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Fire Assessment and CFDs

WFS can assist your Fire Agency with new alternative revenue streams

Many Independent Fire Districts, Cities and Counties have seen ad valorem property tax revenues significantly decline in recent years due to substantial reductions in the assessed valuation of property. As a result, fire districts and municipal fire departments have reduced staffing while, at the same time, the demand for services has never been greater. As a means to reduce dependence on ad valorem taxes, new alternative revenue streams can be established for a fire agency through the formation of a Fire Suppression Benefit Assessment (Fire Assessment) or a Community Facilities District (CFD).

These special district revenues are not predicated on the assessed valuation of property, but rather, are based on the service demands placed on the fire agency by different property types, and are structured to cover the actual costs of service. Furthermore, the revenues generated are dedicated to the designated services, and cannot be reduced or redirected by outside agencies. Fire Assessments and CFDs may fund fire protection and suppression services, including firefighter salaries and benefits, and the purchase, operation, and maintenance of apparatus and equipment. In addition, CFDs may also fund paramedic and ambulance services provided by a Fire Agency.

Fire Assessments

Since a fire assessment may only be established by complying with the relevant provisions of Proposition 218, Willdan Financial Services (WFS) has been engaged by numerous independent fire districts and cities to assist with the implementation process.

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Since a fire assessment is based on the special benefit received by the properties served, it must be approved by a majority of the affected property owners within the agency’s service area. As part of the formation of a fire assessment, WFS prepares the Engineer’s Report that establishes the special benefit nexus between fire-related services, and the benefits received by properties that are served. We continually update our Engineer Reports to evolve and stay in compliance with new legislation and recent court decisions. As a result, our Engineer Reports remain technically defensible and provide a sound rationale for establishing an assessment. In addition to developing the assessment methodology and Engineer’s Report,WFS also prepares the Proposition 218 Notice and Protest Ballot, and coordinates the mailing of ballot material. If there is no majority protest to the proposed assessment, it may be formed and implemented.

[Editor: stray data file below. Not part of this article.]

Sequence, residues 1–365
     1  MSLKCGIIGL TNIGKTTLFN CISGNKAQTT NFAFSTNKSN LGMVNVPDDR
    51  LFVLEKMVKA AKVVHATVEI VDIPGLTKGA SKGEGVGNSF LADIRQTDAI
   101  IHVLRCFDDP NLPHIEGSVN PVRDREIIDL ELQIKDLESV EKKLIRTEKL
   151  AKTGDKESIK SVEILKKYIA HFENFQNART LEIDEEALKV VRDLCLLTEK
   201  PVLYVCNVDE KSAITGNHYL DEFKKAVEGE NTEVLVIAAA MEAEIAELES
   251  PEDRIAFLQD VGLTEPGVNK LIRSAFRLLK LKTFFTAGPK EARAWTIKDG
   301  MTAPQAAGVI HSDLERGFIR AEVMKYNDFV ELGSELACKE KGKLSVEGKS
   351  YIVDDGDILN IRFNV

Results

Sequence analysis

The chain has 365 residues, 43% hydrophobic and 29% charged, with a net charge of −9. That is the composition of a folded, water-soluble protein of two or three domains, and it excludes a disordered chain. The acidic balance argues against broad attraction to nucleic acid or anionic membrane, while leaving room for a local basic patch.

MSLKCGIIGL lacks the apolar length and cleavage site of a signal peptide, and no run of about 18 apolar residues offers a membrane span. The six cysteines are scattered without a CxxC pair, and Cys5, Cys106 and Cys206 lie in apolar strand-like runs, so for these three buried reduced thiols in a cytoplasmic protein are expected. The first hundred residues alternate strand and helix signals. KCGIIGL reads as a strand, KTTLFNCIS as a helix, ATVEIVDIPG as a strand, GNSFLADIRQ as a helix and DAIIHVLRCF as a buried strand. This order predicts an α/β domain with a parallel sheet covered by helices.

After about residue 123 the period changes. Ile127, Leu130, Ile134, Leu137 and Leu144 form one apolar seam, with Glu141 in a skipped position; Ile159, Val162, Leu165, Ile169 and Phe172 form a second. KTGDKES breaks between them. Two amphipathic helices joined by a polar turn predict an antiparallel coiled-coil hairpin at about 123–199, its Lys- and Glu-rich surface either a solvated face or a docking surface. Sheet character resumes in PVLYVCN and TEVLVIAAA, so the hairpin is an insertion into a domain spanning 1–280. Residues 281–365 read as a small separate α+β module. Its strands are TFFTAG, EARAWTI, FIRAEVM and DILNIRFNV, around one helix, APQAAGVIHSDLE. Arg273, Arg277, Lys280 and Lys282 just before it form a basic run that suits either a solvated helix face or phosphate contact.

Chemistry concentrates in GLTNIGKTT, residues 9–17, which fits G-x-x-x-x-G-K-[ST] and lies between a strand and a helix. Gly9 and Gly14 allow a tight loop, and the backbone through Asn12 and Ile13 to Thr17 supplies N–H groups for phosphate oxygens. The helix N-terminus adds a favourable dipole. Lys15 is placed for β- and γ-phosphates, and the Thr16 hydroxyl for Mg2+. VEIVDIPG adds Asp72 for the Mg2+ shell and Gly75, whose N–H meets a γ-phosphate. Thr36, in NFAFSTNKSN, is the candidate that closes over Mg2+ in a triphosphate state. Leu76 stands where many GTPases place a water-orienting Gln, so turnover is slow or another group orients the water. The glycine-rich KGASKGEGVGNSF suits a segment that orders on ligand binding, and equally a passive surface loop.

Although a CFD may be formed to encompass the entire service area of a Fire Agency, CFDs are more typically formed over newly developing areas to mitigate the impact that new development has on the services provided by a Fire Agency.

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The Mello-Roos Act states that if there are less than 12 registered voters within the territory proposed to be included within the CFD, the CFD shall be established by a landowner vote. However, the services funded by a CFD must be in addition to those already provided within the boundary of the proposed CFD. Therefore, a connection must be developed between additional services provided to the area as a result of development, and the special tax rates proposed to be levied through the CFD. WFS recommends that a Fiscal Impact Analysis be completed in order to determine the financial impact new developments place on the services provided by the Fire Agency. Our Fiscal Impact Reports analyze revenue and expenditures on a per capita basis to determine whether the increased service population expected to be generated by new development causes a non-neutral fiscal impact. If the new development causes a negative fiscal impact, the agency may make a policy decision to move forward with the formation of a CFD.